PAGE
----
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The warehouse is dark, as it would have to be. It’s not smart for crooks to gather in daylight. But that doesn’t mean that everyone under this roof is particularly bright.

It’s a good bet that Justine (Brie Larson) has the highest IQ in the bunch. At least she’s honest about the fact that she’s in it for herself. And Ord (Armie Hammer) has the kind of quick wit that usually signifies a certain amount of intelligence. But you get the sense that Chris (Cillian Murphy) and Vernon (Sharlto Copley) never even came close to being “A” students.

Along with a couple of other guys whom the police would probably like to locate, they’ve come to the warehouse to transact a deal. It’s an exchange of guns for money, and there shouldn’t be any problem with all parties coming away satisfied. But sometimes, friction between people can yield unforeseen results.

In this case, it’s an outbreak of gunfire that goes on and on and on — ripping through flesh and raising the possibility that no one will leave the building alive.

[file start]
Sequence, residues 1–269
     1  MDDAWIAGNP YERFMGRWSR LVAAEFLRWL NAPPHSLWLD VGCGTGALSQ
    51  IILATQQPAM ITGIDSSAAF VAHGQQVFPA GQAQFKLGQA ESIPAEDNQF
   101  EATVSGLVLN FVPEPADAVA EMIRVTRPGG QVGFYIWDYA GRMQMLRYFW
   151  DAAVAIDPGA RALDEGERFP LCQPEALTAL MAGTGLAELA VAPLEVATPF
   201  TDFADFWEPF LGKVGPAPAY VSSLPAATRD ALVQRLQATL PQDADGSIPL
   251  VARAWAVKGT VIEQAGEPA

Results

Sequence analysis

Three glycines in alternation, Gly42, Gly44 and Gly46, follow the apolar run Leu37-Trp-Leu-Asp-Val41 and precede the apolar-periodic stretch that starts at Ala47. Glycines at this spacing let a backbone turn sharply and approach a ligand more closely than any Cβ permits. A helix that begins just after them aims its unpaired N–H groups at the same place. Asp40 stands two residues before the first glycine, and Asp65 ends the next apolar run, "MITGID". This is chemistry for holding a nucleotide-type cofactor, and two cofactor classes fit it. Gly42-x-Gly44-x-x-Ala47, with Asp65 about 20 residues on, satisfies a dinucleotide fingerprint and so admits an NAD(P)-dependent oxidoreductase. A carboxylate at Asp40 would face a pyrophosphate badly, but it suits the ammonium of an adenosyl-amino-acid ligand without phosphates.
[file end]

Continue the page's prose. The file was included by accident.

Will anyone survive? Or get away with the cash?

Perhaps a better question: Will anyone watching this film really care?

No doubt some art-film fanatics will hail “Free Fire” as a bold experiment in narrative — the next step beyond the unapologetic mayhem and scattershot wit of Quentin Tarantino. But in a Tarantino film, there’s something to hang onto: a quirky character, an unexpected turn of plot, a memorable line of dialogue.

In this film, plenty of guns go off. Period.

Working from a script that he co-wrote with Amy Jump, director Ben Wheatley (“High-Rise”) was apparently more interested in persuasive sound effects than ideas. The film is a criminal waste of an ensemble cast that should have found something better to do than lend their names to such a pointless exercise.

“Free Fire” is a misfire.

What “Free Fire” • One star out of four • Run time 1:30 • Rating R • Content Violence, language, sexual references and drug use

Calvin Wilson is theater critic for the St. Louis Post-Dispatch.